A FAMILY is launching legal action against the Ministry of Defence after their mum’s death in Winsford was linked to a fire at a military base, which scattered toxic asbestos ‘like snow'. 

Susan Maughan lived near Central Ordnance Depot Donnington in Telford, Shropshire, at the time of the 1983 blaze when an old army storage warehouse went up in flames.

Susan died aged 63 in her home in Dee Way in 2015 and the Guardian attended an inquest which ruled she had died from mesothelioma, a rare and terminal cancer caused by asbestos.

At the inquest, the coroner said she had ‘almost certainly’ been exposed to asbestos in the aftermath of the fire.

Daughters, Lorraine, Sonia and Cath, who remember playing in the ‘snow-like’ atmosphere as children, now fear they too could be harbouring the same disease.

Lorraine, 45, who was just 12 at the time, said: “I remember grey snowflakes falling from the sky onto our street and our garden. We all played in it thinking it was Christmas.”

“My mother always liked tidiness, even in her garden. I remember watching her picking up the debris off the floor and putting it into our garden bin.”

According to reports from the time, the fire scattered ash containing asbestos across a 15-square-mile area, but the army initially denied that it was dangerous and it stayed there for five days before being cleaned up.

The deaths of Ellen Paddock, 31, and Paula Ann Nunn, 68, both from mesothelioma, have also previously been linked to the fire.

The family’s lawyers, who are also dealing with another two cases in relation to the same fire, are now investigating whether more should have been done to protect them.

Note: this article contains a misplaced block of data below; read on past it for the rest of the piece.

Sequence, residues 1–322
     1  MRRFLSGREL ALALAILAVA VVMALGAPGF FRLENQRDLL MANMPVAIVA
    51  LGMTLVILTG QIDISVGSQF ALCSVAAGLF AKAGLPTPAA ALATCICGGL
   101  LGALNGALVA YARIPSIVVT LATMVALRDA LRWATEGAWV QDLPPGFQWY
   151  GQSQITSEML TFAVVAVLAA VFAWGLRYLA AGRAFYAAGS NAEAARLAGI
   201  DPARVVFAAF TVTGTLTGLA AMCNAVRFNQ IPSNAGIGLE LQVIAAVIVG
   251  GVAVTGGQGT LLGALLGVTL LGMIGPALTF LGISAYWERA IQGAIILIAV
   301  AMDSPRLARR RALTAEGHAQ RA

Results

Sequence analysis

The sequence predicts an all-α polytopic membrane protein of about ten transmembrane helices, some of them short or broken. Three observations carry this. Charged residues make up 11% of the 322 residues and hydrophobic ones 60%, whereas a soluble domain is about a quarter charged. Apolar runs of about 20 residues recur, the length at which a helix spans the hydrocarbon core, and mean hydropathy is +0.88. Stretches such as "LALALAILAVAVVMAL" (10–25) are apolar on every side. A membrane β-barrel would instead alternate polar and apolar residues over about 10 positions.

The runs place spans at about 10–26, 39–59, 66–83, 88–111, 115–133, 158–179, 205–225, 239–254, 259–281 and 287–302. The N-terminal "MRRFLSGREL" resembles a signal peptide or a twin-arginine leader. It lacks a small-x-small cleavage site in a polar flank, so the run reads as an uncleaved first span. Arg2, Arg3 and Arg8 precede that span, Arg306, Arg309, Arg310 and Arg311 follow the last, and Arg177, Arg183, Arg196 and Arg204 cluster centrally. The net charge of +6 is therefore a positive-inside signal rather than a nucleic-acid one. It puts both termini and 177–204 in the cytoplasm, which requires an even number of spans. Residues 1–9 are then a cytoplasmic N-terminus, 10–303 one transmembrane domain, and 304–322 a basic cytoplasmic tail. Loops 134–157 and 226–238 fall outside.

Madelene Holdsworth, an industrial disease specialist at law firm Slater and Gordon, who is acting on the family’s behalf, said: “They have already lost their mum and now fear they too could be victims of this devastating disease. That knowledge is a terrible thing to have to live with and they understandably want answers about whether more could have been done.”

Susan, who went on to have son Allan, 27, was a grandmother of eight and had just become a great grandma when she died of mesothelioma in October last year.

The incurable cancer is caused by inhaling or ingesting dust or fibres from asbestos, but can lie dormant in the body for decades before sufferers realise something is wrong.

Susan was living in Winsford at the time of her death, having retired from jobs, including as a cleaner and a hairdresser, but her family says she had no other memory of coming into contact with asbestos.

They are now appealing for old friends and neighbours near their then home on Millstream Way, Leegomery, to get in touch.

Mother-of-three Cath, 37, who now lives near Southport, added: “What happened to our mum was devastating. She went from being this full of life person to just this empty shell and it was so painful for her at the end.

“I do worry that the same thing could happen to us. I talk quite openly about it with my family, even my children. I do get upset, but I always say I’m going to live for today and if it comes I have prepared myself.”

Anyone who remembers the incident is asked to call Madelene on 0161 3833 308 or email madelene.holdsworth@slatergordon.co.uk